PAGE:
Here you'll find tips for greening a fence, partition, railing, or enclosure (i.e. for rubbish bins). This kind of greening not only beautifies but also can serve as a privacy screen. Some fences are intended for greening right from the start and are planned accordingly. Others are greened years later, often requiring additional climbing-plant support systems. Below are three possibilities for mounting trellis cables.
Many climbing plants are compatible with fence greening (see photo gallery below). Even espalier fruit and grapevines can be trellised here-- the latter usually trained as horizontal cordons, vertical cordons, garlands, or in vineyard style. Low-maintenance wild vines are suitable, and mixed greening (greening with various climbing plants simultaneously) is also a possibility. Additional recommendations can be found in the section dedicated to plant privacy screens. Vigorous climbers and strong twiners like wisteria and silver lace vine can only be used to a limited extent; if they grow unchecked, structural damage can be expected -- these plants are known to bend even iron railings! Wire mesh and metal netting would, of course, then be even more vulnerable.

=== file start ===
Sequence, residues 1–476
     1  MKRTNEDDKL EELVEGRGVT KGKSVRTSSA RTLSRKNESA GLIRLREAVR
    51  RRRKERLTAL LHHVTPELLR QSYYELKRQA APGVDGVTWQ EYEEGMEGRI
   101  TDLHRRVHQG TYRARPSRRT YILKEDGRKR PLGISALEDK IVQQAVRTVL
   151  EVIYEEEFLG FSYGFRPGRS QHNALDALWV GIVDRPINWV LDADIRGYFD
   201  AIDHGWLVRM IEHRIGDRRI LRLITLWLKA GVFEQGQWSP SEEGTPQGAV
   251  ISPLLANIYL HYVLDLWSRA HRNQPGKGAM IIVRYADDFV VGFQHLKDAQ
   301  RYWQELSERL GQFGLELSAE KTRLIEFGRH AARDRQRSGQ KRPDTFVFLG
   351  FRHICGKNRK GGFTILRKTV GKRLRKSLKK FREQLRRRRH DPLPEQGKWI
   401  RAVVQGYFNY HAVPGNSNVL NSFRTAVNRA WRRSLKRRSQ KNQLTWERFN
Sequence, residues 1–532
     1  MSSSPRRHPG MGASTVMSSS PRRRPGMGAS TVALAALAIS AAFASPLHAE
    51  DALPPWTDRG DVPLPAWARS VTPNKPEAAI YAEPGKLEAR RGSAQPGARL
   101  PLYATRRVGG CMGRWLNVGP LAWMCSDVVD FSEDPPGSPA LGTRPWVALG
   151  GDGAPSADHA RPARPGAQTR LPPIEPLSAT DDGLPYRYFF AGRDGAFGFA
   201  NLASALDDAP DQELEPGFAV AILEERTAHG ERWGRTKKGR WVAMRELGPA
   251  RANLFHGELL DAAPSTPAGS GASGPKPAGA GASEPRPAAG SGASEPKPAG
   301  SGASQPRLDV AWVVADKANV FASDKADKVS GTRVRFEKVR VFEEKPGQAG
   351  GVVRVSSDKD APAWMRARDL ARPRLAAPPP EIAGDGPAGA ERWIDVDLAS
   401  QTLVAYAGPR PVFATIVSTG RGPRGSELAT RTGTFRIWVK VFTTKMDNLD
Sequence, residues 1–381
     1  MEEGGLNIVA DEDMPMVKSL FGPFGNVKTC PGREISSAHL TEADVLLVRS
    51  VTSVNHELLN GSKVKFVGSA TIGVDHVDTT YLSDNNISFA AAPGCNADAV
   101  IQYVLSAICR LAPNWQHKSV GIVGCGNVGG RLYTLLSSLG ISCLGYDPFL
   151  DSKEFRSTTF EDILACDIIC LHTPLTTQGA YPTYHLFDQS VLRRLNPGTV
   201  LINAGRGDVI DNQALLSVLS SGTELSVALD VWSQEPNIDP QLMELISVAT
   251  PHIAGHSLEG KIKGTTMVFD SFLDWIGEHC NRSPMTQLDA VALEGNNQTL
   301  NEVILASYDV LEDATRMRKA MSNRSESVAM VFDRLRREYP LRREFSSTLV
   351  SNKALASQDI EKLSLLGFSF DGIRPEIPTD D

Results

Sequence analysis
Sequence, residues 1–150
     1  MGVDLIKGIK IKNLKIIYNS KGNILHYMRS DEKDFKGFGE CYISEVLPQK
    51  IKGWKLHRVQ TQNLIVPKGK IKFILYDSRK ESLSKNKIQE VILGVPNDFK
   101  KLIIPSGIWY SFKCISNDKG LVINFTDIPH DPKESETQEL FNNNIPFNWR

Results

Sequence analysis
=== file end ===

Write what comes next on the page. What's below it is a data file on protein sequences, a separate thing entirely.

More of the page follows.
Additional climbing aids are recommended when greening wooden fences. Horizontal ropes with parallel rope guidance are particularly suitable; see photos below.
This is a modern but daring combination. Horizontal wire ropes are susceptible to being climbed, which can then cause them to sag or be ripped from their mounts, or cause the fence steles to tip. But for private gardens, this arrangement can really work.
Climbing aids are often attached 'tangentially' -- that is, to the outside or side of the fence, as if the fence were a wall. Horizontal wire rope arrangements similar to system 1060 are usually used.
When ropes are used to fill in the space of a fence, they usually run along the central axis ('axial') of wooden or metal posts (viewed from above)-- in the same way as wire frames or rope system 0050.